When I read this tweet from fellow writer Dave Lasseter Thursday night, I wondered what the heck he was talking about:
Jay Bouwmeester must have the greatest agent in history.—
David Lasseter (@davidlasseter) August 02, 2013
Then I did some reading. Then I hit my head with my my fist. I recovered, and chose to put my thoughts together, and here’s what I’ve come up with.
It’s been four full seasons since Jay Bouwmeester left the Florida Panthers organEYEzation for what he thought would be greener pastures. He did himself no favors on his way out of South Florida as he made it very clear for at least two seasons he had no intention of signing a long term deal with the franchise. It was Jay’s feeling that there wasn’t enough passion, committment, and determination to building a winning culture. Based on the legend in his own mind (and his father’s), Jay was traded to the Calgary Flames for the rights to Jordan Leopold and a third round pick in 2009. That pick has turned out to be Josh Birkholz, and Leopold who played in 61 games for the Panthers was later traded to the Pittsburgh Penguins for a second round pick in 2010, That pick turned out to be Connor Brickley. The Panthers at the NHL level have had very little to show for a return on Jay. However they have saved a humungous amount of salary.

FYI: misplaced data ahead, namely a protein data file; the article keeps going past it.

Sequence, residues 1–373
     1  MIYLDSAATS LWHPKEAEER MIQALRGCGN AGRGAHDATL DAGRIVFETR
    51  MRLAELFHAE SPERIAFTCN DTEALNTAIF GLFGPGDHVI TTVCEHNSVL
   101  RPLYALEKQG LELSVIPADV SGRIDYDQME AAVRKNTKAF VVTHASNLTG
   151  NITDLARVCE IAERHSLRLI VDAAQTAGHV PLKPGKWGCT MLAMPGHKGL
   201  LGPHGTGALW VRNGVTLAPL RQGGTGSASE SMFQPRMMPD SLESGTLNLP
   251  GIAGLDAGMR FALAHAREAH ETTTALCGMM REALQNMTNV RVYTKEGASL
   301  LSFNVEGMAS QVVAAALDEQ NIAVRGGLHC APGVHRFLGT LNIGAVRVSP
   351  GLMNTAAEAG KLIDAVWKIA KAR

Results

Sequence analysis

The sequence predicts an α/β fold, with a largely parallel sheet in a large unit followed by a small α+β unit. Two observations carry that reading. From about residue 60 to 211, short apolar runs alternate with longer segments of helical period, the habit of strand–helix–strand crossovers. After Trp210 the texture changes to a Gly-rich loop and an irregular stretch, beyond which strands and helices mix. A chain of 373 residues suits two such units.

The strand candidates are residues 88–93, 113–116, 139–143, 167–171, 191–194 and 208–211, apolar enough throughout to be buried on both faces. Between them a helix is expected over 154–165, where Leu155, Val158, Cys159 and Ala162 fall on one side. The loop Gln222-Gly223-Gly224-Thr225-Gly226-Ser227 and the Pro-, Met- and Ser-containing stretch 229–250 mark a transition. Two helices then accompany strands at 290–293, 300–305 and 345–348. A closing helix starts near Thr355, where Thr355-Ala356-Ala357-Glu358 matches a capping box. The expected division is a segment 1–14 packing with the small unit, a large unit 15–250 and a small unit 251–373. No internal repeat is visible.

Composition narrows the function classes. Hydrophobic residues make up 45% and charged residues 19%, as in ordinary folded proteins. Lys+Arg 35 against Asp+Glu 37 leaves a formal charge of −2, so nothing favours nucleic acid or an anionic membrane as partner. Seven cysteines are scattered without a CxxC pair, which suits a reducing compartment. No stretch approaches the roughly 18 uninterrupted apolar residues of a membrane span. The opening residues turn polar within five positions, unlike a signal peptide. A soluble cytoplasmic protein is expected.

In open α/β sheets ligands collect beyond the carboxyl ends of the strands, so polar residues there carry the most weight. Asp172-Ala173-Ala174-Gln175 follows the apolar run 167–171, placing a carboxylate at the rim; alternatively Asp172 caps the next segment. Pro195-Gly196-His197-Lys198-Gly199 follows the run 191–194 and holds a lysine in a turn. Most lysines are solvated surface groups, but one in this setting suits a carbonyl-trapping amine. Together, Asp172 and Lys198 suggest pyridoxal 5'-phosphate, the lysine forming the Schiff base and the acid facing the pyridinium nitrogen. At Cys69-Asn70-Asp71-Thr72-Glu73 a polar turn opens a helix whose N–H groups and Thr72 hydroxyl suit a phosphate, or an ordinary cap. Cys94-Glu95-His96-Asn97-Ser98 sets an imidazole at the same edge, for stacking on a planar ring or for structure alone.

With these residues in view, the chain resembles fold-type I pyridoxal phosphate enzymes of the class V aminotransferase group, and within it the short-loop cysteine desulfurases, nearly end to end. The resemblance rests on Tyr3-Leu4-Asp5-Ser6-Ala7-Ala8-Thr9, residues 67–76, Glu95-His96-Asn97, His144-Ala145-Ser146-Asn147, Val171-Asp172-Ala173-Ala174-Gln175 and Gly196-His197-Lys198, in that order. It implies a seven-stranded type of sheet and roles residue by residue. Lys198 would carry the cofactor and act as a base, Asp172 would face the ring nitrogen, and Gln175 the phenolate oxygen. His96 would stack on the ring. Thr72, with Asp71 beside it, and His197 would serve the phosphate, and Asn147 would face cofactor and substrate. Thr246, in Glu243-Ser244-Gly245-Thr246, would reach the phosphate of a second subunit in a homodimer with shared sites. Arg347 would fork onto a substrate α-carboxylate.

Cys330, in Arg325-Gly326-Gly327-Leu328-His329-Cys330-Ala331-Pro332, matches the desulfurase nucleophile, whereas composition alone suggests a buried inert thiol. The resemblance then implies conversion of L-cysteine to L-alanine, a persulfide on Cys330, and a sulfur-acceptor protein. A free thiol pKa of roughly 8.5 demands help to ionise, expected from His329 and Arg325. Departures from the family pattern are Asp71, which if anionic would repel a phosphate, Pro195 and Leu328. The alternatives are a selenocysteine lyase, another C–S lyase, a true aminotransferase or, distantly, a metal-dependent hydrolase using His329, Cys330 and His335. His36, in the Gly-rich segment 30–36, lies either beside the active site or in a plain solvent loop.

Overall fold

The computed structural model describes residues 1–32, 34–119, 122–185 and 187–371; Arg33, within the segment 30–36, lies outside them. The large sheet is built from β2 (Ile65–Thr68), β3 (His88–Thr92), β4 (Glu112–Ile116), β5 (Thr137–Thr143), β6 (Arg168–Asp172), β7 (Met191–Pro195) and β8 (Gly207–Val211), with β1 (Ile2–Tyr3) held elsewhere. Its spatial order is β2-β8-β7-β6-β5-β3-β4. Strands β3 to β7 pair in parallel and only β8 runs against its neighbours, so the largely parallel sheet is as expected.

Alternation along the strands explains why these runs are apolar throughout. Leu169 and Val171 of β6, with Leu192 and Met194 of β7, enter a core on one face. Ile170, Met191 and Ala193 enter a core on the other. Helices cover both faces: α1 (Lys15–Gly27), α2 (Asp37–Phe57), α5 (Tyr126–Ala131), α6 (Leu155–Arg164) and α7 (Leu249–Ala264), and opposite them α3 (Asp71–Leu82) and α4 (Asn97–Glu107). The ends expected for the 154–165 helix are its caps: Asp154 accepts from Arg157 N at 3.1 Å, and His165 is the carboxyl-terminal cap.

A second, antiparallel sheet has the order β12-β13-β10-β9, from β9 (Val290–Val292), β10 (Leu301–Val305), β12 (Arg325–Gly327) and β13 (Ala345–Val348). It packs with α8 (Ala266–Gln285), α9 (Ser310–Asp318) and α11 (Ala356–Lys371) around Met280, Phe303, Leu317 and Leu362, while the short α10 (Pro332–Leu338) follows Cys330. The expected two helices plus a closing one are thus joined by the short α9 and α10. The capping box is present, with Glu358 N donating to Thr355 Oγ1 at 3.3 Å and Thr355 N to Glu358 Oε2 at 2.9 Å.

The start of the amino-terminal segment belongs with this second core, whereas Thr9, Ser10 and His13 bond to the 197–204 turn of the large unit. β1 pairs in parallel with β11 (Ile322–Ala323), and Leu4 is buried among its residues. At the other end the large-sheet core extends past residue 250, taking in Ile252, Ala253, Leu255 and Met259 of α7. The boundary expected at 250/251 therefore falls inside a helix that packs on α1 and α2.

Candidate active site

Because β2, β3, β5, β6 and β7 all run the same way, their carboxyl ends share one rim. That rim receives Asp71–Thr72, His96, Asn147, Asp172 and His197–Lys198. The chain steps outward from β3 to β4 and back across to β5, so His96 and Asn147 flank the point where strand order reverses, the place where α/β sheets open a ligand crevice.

Jay’s first contract after leaving South Florida was for five years to the tune of $33.4 million dollars with the Calgary Flames. General Manager Darryl Sutter was extremely proud of the deal hoping that Jay would be one of the missing pieces leading the Flames to the post season on a consistent basis. The average cap hit of that contract was $6.68 million, with last year paying him a “paltry” $7 million. The Flames underacheived during Jay’s tenure for a multitude of reasons, and fans became increasingly dismayed with Jay’s performance, which was at best, average. He was traded (people wondered what took so long) to the St. Louis Blues for a first round pick in this summers draft and two draft picks. Thursday night it was announced that the St. Louis Blues have extended Jay for another five years. The total value of the package is $27 million, averaging $5.4 million per season. Blues General Manager Doug Armstrong made this quote after the signing: